ACKNOWLEDGEMENTS I would like to thank my PhD students, Nicola Fry and Anne McNee, for their invaluable work on gross muscle morphology in children and adults with cerebral palsy. I would also like to thank my surgical colleague, Martin Gough, for his help in the development of the ideas presented in this paper.
Muscle deficits in cerebral palsy and early loss of mobility: can we learn something from our elders?
Article first published online: 3 SEP 2009
© 2009 The Author Journal compilation © 2009 Mac Keith Press
Developmental Medicine & Child Neurology
Special Issue: Adults with Cerebral Palsy: A workshop to define the challenges of treating and preventing the secondary musculoskeletal and neuromuscular complications in this rapidly growing population.
Volume 51, Issue Supplement s4, pages 59–63, October 2009
How to Cite
SHORTLAND, A. (2009), Muscle deficits in cerebral palsy and early loss of mobility: can we learn something from our elders?. Developmental Medicine & Child Neurology, 51: 59–63. doi: 10.1111/j.1469-8749.2009.03434.x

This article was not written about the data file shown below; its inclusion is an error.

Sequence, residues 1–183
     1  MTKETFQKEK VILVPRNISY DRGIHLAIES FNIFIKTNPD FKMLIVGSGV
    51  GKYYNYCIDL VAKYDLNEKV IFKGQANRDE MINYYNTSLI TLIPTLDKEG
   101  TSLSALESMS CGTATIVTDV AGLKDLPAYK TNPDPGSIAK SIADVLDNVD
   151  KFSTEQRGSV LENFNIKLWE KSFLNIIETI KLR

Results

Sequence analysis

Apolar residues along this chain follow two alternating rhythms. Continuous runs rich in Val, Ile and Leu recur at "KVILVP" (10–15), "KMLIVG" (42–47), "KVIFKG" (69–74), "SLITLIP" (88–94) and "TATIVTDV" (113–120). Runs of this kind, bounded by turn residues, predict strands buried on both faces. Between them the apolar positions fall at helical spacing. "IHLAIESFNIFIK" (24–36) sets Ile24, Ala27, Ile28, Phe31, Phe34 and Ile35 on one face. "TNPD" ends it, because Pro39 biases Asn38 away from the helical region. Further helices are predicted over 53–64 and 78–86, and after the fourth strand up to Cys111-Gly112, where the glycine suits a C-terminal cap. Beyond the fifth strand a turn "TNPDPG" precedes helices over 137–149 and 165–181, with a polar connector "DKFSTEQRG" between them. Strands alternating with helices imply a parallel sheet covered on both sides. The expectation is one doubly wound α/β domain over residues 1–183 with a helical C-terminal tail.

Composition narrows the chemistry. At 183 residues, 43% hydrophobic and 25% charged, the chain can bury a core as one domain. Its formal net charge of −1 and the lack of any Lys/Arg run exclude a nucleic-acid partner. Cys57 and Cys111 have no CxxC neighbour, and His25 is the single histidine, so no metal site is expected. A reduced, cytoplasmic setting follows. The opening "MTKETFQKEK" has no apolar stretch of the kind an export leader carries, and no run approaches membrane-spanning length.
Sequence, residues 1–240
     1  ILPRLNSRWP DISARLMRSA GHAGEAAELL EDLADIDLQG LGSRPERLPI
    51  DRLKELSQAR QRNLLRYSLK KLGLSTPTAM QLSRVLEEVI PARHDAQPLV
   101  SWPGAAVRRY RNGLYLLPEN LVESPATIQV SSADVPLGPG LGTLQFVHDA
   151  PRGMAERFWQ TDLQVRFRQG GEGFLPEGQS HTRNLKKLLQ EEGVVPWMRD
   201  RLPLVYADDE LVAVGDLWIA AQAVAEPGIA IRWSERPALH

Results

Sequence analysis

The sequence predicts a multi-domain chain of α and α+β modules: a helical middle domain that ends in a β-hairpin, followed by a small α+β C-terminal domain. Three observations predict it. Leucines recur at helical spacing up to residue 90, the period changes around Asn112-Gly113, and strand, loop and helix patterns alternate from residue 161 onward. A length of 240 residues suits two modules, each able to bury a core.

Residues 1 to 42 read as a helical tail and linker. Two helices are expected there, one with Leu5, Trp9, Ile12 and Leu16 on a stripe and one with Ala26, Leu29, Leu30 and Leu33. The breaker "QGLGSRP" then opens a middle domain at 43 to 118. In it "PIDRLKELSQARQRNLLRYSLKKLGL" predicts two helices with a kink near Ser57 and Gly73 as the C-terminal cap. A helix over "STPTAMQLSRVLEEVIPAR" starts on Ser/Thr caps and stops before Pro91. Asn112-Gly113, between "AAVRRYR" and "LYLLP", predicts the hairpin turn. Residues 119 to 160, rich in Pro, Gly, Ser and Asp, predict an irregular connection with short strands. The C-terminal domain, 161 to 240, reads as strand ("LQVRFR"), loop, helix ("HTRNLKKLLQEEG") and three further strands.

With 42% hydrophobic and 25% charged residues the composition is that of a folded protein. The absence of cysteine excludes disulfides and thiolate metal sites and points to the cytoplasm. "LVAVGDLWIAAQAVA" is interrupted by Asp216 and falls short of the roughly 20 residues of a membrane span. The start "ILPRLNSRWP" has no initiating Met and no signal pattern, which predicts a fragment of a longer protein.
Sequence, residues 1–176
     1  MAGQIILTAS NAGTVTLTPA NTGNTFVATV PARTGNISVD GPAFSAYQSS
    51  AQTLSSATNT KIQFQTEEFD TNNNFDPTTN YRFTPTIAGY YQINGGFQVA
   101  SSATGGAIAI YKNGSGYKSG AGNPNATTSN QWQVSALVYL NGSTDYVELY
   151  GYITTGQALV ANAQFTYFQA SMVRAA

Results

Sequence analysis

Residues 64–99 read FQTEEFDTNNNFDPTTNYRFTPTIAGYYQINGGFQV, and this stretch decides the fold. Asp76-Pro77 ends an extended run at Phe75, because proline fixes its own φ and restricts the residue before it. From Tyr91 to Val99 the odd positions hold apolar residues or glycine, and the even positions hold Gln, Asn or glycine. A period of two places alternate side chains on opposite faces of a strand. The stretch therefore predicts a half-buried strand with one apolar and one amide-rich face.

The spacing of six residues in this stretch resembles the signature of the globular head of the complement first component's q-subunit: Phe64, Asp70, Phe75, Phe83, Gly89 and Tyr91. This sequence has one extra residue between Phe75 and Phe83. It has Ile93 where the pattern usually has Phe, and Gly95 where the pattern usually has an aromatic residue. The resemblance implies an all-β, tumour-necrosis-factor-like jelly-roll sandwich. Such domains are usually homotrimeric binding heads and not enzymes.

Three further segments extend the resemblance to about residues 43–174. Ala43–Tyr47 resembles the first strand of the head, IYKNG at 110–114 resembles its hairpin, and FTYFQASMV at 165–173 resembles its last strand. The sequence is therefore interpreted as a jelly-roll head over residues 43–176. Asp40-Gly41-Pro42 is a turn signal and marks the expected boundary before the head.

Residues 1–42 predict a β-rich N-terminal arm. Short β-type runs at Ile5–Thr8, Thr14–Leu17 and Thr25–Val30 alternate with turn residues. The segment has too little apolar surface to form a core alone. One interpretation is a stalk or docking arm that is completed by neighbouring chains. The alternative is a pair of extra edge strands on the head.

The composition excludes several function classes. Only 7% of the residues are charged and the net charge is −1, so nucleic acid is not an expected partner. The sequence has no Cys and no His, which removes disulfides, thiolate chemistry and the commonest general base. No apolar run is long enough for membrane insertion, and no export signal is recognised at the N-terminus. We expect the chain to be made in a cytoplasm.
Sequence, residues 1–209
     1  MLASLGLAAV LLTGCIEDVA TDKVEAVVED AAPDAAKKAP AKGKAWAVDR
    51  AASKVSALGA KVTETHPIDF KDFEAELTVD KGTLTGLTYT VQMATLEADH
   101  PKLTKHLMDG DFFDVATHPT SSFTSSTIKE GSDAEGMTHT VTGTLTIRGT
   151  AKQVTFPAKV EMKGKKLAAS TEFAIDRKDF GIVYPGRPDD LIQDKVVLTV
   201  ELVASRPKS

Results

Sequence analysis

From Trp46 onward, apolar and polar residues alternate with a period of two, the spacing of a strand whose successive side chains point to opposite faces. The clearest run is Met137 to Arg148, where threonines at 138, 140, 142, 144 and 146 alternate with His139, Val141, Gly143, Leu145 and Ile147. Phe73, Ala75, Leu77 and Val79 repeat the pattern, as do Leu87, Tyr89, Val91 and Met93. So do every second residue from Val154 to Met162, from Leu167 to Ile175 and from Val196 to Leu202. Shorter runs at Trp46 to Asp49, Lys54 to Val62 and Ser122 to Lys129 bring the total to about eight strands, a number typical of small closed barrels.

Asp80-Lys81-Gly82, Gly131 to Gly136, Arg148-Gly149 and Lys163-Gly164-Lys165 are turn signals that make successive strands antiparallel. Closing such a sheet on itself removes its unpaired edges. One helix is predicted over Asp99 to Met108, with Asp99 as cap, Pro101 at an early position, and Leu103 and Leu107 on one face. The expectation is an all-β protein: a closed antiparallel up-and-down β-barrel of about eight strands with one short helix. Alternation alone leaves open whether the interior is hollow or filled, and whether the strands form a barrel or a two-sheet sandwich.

CONFLICTS OF INTEREST The author declares no conflicts of interest.
- Issue published online: 3 SEP 2009
- Article first published online: 3 SEP 2009
Ambulant young people with cerebral palsy (CP) have reduced muscle volumes in their lower limbs (as low as 50% of their weight-matched typically-developing peers). Yet, they may complete a ‘timed up-and-go’ test at similar speeds to unaffected persons. Perhaps, these individuals are able to maintain high levels of function because their muscle deficits have not fallen below the threshold values required to perform certain motor tasks. This is consistent with data from studies of progressive strengthening in children with mild CP. These programmes improve muscular output but have limited immediate effect on functional capacity. Sarcopenia is responsible for much of the loss of muscle mass in the typically developing adult. The decline in muscle mass begins in the mid-twenties and occurs rapidly after the 7th decade. It is possible that the muscle deficits characteristic of young people with CP, coupled with the decline of muscle properties in adulthood, contribute to an early loss of mobility in this group. In the typically developing elderly, progressive strengthening is thought to extend mobility. Perhaps, the real value of strengthening programmes in CP is to improve muscular reserve in the short-term and to maintain muscle mass above critical thresholds in the long-term.